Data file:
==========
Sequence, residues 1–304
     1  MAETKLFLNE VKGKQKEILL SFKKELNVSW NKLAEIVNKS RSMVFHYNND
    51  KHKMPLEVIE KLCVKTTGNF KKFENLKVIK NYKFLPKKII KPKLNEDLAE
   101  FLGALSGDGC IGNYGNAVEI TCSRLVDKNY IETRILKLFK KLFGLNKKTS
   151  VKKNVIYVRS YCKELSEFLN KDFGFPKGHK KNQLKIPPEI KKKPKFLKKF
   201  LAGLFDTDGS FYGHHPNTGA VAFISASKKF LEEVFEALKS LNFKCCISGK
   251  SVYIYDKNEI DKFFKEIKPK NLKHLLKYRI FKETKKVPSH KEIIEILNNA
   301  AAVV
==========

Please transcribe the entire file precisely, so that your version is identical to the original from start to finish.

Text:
Sequence, residues 1–304
     1  MAETKLFLNE VKGKQKEILL SFKKELNVSW NKLAEIVNKS RSMVFHYNND
    51  KHKMPLEVIE KLCVKTTGNF KKFENLKVIK NYKFLPKKII KPKLNEDLAE
   101  FLGALSGDGC IGNYGNAVEI TCSRLVDKNY IETRILKLFK KLFGLNKKTS
   151  VKKNVIYVRS YCKELSEFLN KDFGFPKGHK KNQLKIPPEI KKKPKFLKKF
   201  LAGLFDTDGS FYGHHPNTGA VAFISASKKF LEEVFEALKS LNFKCCISGK
   251  SVYIYDKNEI DKFFKEIKPK NLKHLLKYRI FKETKKVPSH KEIIEILNNA
   301  AAVV